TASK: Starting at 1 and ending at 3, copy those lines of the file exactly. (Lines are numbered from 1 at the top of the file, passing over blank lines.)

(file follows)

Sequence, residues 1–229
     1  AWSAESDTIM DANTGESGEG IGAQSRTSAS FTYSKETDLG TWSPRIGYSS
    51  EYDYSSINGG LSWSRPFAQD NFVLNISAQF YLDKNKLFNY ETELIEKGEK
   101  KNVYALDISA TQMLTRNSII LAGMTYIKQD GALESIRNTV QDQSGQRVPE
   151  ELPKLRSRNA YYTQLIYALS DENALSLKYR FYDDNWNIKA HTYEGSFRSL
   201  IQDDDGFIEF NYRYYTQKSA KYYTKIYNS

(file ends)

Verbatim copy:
Sequence, residues 1–229
     1  AWSAESDTIM DANTGESGEG IGAQSRTSAS FTYSKETDLG TWSPRIGYSS
    51  EYDYSSINGG LSWSRPFAQD NFVLNISAQF YLDKNKLFNY ETELIEKGEK